What Leads to Procurement and Finance Falling Out?

Yes, we have a new Spend Matters briefing / best practice paper to tell you about, and one thing is beyond argument – it has the most striking front cover of anything we’ve written in recent years!  (You can see part of it in the picture with this article). That’s thanks to the folk at leading eProcurement solution providers Basware, our partners for the paper. They have done a great job on the design (not my strong point) of “Procurement & Finance – A Fine Purchase-to-Pay Romance Or The Best Of Enemies?” It’s not just the cover, either – the graphics continue inside …

You can download the paper now, free on registration here, and we hope you will find it useful and interesting – and enjoy the great graphics! Here is an extract to whet your appetite, another example of the pressures that can lead to disputes and falling out between procurement and finance.

 

“Transformation in isolation" – procurement and finance not joined up

Too often, when an improvement programme is undertaken, procurement and finance try to optimise their ‘Ps’ (purchase or pay) in isolation, causing friction and inefficiencies in the wider process. Benefits flow when the two parties work together and the whole end-to-end process is optimised.

As a starting point, each party needs to understand fully how the process works from the other’s perspective, as we said in the previous section. Then any initiatives to drive performance improvement must involve both areas of the organisation. Whether it is introducing a ‘no purchase order, no pay’ policy, or implementing a whole new P2P system, it is essential that work is collaborative.

The tensions emerge when one party acts without consultation, with a knock-on effect on the other. It can be either party originating the action; so perhaps finance start delaying payments to suppliers because of cash flow issues, but without talking to procurement. Suddenly, procurement finds that small but business-critical suppliers are on the point of going bust. Or procurement agrees with a large supplier that they will submit consolidated, monthly electronic invoices – but don’t consult finance, who find that they are presented in a manner that means the cost lines cannot easily be allocated to individual internal cost centres as they need to without manual intervention.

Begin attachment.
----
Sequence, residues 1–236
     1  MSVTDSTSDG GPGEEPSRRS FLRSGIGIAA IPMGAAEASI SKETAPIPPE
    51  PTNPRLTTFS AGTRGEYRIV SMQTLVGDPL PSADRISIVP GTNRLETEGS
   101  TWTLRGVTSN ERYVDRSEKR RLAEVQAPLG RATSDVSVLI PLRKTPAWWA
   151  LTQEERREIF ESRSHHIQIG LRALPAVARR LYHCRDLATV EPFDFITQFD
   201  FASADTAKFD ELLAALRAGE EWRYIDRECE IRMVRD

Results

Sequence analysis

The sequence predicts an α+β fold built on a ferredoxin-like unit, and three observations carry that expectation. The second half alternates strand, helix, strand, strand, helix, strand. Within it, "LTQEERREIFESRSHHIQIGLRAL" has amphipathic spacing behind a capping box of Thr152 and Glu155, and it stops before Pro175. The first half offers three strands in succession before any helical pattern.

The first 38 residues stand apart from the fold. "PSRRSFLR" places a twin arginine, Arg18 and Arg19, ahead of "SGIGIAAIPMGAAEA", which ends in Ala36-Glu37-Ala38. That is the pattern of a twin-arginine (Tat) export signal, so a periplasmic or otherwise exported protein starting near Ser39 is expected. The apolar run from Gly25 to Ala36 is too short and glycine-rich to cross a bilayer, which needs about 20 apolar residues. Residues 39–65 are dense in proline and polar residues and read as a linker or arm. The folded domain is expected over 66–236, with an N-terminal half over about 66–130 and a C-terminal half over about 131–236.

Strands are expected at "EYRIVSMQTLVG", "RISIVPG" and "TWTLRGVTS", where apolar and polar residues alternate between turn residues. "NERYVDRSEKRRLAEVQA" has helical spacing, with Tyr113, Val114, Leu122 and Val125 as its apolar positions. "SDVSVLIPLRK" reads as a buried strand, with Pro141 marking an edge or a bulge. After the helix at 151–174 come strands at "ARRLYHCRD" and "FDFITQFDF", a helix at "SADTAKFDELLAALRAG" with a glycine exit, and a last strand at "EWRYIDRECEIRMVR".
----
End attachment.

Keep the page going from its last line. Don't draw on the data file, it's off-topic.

The solution: as in our previous example, communication and understanding between the parties is key. But in addition, any transformation, improvement or implementation programme in the purchase-to-pay field needs to be seen as a joint effort between procurement and finance. Whilst one or the other might take the lead, depending on the exact nature of the tasks and the goals, it is imperative that this is approached together.

“Every successful P2P project I have been involved with over the years had shared leadership and involvement from both procurement and finance.  But don’t forget about other stakeholders, both internal and of course suppliers too. They all have important roles to play”.  (Guy Allen, ex CPO, Fujitsu & Santander)

 

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